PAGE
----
Prof. Zanger: Afghan journalists, faculty need help

Aug. 20, 2021

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Photos courtesy of Prof. Maggy Zanger Prof. Maggy Zanger teaches Afghan faculty and journalists (faces blurred to protect identities).

 

Nine years ago, University of Arizona Journalism Professor of Practice Maggy Zanger traveled across the globe to help Afghan professors develop a professional curriculum for their journalism departments. Now she finds herself helping in a different way, trying to support the professors and journalists stranded in Afghanistan after the sudden rise of the Taliban.

“It’s a very dangerous situation for many of (the professors),” said Zanger, who was the project director for the partnership with Nangarhar University in Jalalabad. “Journalists are targeted by the Taliban.”

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Prof. Maggy Zanger

Zanger, along with Professor of Practice Kim Newton, took part in the Afghanistan Journalism Education Enrichment Program, founded by the public affairs section of the U.S. Embassy in Kabul.

The three-year project, funded by a $1 million grant, brought together educators from five U.S. universities and their contemporaries from Afghanistan to help strengthen their journalism curricula.

Zanger said many of the professors they worked with were also part of the media, either as journalists themselves or as part of journalism NGOs (non-governmental organizations) or training operations.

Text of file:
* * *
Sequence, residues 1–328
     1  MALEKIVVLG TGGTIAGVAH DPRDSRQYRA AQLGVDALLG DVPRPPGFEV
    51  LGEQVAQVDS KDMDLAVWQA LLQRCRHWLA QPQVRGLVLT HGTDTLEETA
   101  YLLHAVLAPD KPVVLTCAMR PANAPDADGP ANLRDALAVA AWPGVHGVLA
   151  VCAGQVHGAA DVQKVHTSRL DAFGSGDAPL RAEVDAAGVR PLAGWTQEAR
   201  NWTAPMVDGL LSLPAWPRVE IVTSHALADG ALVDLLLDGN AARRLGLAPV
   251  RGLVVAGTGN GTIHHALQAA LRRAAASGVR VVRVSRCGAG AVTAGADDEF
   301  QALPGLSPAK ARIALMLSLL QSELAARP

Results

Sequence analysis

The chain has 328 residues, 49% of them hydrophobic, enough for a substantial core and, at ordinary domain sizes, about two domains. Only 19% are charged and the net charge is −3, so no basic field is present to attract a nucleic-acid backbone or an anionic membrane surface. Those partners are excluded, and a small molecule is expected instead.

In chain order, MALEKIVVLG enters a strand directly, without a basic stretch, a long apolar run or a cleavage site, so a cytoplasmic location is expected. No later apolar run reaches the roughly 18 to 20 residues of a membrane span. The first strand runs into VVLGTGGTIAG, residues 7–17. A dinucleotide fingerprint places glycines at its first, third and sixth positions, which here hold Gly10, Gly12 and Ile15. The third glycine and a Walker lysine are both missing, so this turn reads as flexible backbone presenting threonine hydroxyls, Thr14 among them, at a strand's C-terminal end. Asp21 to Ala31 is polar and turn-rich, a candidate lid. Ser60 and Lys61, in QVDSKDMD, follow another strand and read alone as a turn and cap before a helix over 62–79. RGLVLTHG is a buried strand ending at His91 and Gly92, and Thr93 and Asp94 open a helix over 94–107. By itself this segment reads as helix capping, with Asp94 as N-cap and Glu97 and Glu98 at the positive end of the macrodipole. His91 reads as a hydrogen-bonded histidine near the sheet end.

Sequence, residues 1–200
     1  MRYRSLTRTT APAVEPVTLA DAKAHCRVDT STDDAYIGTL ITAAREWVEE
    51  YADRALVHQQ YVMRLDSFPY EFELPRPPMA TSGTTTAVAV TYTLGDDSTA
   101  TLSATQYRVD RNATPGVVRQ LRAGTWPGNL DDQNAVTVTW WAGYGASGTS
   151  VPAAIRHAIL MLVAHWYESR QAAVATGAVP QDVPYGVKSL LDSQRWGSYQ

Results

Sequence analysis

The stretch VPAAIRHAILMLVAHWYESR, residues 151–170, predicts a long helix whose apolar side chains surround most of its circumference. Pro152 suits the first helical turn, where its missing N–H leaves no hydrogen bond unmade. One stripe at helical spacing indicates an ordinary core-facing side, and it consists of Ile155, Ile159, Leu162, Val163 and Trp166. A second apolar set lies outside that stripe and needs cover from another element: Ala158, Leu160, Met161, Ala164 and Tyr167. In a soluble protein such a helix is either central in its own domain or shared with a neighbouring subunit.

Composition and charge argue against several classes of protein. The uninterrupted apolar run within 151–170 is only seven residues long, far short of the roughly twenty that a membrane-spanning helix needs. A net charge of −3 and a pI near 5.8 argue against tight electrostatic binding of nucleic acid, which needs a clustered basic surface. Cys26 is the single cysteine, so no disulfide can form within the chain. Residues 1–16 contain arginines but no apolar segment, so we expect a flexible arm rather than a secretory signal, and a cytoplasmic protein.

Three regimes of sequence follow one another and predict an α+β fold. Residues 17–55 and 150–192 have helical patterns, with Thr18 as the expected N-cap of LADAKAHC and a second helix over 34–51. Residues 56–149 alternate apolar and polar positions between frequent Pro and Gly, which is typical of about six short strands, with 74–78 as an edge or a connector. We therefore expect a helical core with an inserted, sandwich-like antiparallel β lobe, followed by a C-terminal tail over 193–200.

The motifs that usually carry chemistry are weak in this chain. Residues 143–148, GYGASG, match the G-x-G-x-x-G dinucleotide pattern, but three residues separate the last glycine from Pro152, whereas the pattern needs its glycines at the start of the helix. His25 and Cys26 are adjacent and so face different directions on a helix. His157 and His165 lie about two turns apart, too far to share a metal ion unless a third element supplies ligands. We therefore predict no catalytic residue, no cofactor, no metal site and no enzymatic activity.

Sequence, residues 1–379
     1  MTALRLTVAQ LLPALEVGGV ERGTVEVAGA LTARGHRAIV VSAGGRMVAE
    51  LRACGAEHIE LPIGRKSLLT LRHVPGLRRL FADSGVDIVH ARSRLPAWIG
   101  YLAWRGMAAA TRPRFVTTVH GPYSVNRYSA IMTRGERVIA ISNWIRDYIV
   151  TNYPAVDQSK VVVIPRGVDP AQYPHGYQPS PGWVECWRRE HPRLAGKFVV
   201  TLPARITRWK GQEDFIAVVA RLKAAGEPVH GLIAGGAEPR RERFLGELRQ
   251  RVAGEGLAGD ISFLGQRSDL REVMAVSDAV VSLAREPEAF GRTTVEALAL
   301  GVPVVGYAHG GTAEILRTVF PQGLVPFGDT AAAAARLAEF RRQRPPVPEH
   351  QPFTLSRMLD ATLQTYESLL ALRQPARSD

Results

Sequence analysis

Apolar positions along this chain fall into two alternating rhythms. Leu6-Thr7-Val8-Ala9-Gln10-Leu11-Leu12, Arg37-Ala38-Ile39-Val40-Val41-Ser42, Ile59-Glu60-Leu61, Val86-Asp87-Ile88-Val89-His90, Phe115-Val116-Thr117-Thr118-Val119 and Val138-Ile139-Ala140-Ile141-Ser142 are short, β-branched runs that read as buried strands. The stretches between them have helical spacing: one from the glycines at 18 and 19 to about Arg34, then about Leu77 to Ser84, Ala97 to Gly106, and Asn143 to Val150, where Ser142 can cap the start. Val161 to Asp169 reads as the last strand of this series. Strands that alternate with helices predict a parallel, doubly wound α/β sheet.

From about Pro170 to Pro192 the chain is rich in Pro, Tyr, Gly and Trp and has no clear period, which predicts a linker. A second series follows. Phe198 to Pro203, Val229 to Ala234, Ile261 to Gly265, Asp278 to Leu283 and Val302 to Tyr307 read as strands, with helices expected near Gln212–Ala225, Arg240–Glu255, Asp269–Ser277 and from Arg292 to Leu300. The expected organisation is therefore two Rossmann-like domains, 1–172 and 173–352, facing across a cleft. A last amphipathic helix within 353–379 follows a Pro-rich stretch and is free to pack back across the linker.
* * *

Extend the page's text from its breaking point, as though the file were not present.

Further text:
“They are a target,” she said. “I’ve been getting some pretty gut-wrenching messages from people who are hiding, who are really in fear for their lives. It’s a very bad situation.”

Zanger has been messaging with her colleagues via the messaging app WhatsApp. She says those who are still in Afghanistan are staying put until they can find a way out, noting the country is difficult to get around, especially for those who do not live in Kabul.

“Whenever there’s a new insurgent group or a new dictator that takes over, the first thing you do is control the means of communication,” said Zanger, who trained journalists when she lived in Egypt and Iraq for nearly six years. “That’s, of course, what the Taliban want to do. They don’t want a free and independent press. That does not serve their interest. They will do everything to squash independent journalists and establish their own means of getting information to people.”

In the days following the fall of Kabul on Aug. 15, Zanger has spent her time writing letters on behalf of the journalists and professors, hoping to help them obtain the new Priority 2 (P-2) visas, which the Department of State announced on Aug. 2.

These visas, the Department of State said, are for Afghans who “were employed in Afghanistan by a U.S.-based media organization or non-governmental organization.”

As the world watches and waits to see what will happen to the journalists, as well as the interpreters who helped U.S. forces during the 20-year Afghanistan War, Zanger has hopes that senior Taliban leaders have become “sophisticated enough” to allow some reporting by the international press.

“(But) no one has hope that this is a new, improved Taliban,” she said.

• Zanger guest column for Arizona Daily Star: “How you can help Afghan refugees